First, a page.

[00:06:56] And at the very least, I remind myself, I prove myself the gospel every day, because it's an amazing story. Why wouldn't I preach the gospel regularly to myself? Why wouldn't I constantly remind myself of this story? There are some stories that I have read countless numbers of times in my life because I think they're great stories and I love reading them and I love the characters and the plots and I love the world that is created there. And this story is so much more amazing than they are, and that is the story itself. Amazing. But of course, this story is real. So why wouldn't I preach it regularly to myself? Why wouldn't I soak in the gospel on a regular basis? So we need to preach the gospel to ourselves on a regular basis. But how? How do you preach the gospel to yourself? And what exactly does that mean? Well, there are all sorts of different ways that we can make sure that we're preaching the gospel to ourselves on a regular basis. In your study guide and on the website that comes along with this class, I've listened to some resources that you can use, resources that are really designed to help you soak in the gospel. They're really designed to help you continue to reflect on and understand the gospel. And I hope that you will use those and you'll use those as opportunities to preach the gospel to yourself on a regular basis. Another thing that you can do to preach the gospel to yourself is really to read through the New Testament, focusing on the Gospel. What does the New Testament say about the Gospel? Read through the New Testament. Find all those occasions where New Testament authors refer to the Gospel and then notice what it says about it and be amazed by the Gospel of God's grace, the Gospel of Jesus Christ, the Gospel of the Kingdom, the Gospel of your salvation.

[00:08:48] Again on the website that comes along with this course. And in your study notes, I've provided the New Testament references that talk about the gospel and you can certainly use those if you want to go directly to those passages and preach the gospel to yourself from them. I would encourage you even more, though, to just go ahead and read through the New Testament so that you get the whole story and the occasions of the gospel and of remind yourself, preach the gospel to yourself as you read through those stories. Find someone in your life who understands the gospel. Someone in your family. Someone in church. Someone at work. And preach the gospel to each other, find occasions to remind each other of the gospel. If it's someone at work, use that as an opportunity to remind each other that the God that the work place is a place for ministry. It's a place for gospel living. It's a place for image and God. It's a place for being a ministry of the kingdom. Remind each other of that. If it's someone at home, use that as an opportunity to remind yourself on a daily basis, to remind each other who you are, who you are in Christ as an image bear redeemed and transformed and restored to God that you might glorify Him everywhere. Find someone in your life who can preach the Gospel to you and to whom you can preach the Gospel. Being a gospel centered church. So that when you go to church. You hear the gospel on a regular basis. You hear it in the sermons. You hear it in the worship songs. You hear it in Sunday school classes. You hear it in conversation. You hear it in small groups.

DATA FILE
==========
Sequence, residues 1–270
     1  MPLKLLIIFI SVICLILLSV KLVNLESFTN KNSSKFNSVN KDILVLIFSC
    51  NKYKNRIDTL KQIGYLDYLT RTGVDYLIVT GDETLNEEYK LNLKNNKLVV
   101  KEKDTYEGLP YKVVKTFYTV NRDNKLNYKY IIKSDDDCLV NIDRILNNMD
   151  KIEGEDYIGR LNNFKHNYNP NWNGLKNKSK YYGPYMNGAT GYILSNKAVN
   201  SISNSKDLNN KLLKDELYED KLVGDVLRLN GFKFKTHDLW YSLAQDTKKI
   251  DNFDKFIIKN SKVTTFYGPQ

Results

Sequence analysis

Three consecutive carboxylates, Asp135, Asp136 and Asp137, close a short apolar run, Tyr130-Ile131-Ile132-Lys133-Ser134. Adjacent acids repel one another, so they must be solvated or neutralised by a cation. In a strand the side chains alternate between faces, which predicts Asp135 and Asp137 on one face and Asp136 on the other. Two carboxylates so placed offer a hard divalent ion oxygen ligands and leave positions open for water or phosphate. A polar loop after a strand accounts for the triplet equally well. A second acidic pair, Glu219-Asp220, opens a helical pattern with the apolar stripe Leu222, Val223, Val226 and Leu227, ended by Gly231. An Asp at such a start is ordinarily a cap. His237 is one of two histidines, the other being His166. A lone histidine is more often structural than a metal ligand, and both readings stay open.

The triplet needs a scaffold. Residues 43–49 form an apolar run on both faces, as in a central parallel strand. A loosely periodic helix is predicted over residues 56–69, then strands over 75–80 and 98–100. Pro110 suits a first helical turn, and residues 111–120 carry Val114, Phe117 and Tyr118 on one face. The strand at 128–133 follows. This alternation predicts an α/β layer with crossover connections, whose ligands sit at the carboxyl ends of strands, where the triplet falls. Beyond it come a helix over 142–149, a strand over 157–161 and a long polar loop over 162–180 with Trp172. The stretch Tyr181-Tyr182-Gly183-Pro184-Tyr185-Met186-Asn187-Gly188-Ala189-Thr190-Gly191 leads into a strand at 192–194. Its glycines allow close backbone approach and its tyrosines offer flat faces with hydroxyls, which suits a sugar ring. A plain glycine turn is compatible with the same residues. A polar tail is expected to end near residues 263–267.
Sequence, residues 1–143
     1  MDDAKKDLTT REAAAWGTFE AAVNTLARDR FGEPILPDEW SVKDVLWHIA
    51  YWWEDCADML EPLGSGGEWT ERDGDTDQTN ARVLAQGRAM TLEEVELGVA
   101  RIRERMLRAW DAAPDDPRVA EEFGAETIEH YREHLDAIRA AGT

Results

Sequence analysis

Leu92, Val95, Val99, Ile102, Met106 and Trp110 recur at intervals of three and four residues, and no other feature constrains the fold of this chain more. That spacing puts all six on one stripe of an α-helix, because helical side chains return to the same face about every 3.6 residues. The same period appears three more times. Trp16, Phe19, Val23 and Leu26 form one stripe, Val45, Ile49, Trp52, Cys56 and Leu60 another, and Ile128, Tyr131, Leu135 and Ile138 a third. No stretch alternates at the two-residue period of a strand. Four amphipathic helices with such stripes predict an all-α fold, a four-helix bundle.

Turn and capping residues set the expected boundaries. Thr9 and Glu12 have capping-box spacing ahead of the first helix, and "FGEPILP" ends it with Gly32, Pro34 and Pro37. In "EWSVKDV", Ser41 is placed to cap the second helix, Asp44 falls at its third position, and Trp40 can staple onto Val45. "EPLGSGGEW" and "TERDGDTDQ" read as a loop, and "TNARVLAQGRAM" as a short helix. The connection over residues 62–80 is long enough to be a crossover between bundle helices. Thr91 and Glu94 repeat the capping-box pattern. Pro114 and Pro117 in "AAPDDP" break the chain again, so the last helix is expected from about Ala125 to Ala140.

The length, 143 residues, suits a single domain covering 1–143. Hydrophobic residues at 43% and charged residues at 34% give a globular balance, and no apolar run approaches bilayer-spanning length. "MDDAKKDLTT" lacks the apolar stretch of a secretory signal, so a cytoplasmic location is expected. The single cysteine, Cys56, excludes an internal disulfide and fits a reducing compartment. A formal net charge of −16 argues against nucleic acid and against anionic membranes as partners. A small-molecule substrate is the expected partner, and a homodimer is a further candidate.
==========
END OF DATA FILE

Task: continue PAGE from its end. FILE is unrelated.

[00:10:36] Being a gospel centered church that will remind you on a regular basis of what the gospel is, that will keep you rooted and centered in the gospel so that you don't drift, that won't send you those confusing and misleading messages about the gospel that might threaten to take you away and center you in some other gospel being a gospel centered church. So there are many ways that we can make sure that we are preaching the gospel to ourselves regularly so we can be transformed by the story and continually re amazed at all that God has done. So we need to preach the gospel to ourselves on a regular basis, and there are many ways in which we can do that. That's all about communicating the gospel to yourself. What about communicating the gospel to others? How do we go about communicating this amazing story to other people? Now, again, I'm not going to try to develop this in full, but I do want to make some comment on some of the questions that people typically ask when it comes to communicating the gospel. So a few responses to some of those common questions. First question. What do they need to know? And the emphasis here typically is on need. And we have just spent the better part of the last 5 hours together talking about the gospel. So what are you going to do if somebody walks up to you and says, hey, I've heard about this gospel thing? What is it? You're going to go. All right. We we're 5 hours. Let's sit down together. Let's get some coffee and let's go. What do they need to know? And do they need all 5 hours? Do they need 4 hours? 3 hours? Right. What are the absolute basics that must get communicated? If someone is going to hear the gospel, what do they need to know? Now, to be honest, I'm a little bit troubled by this question.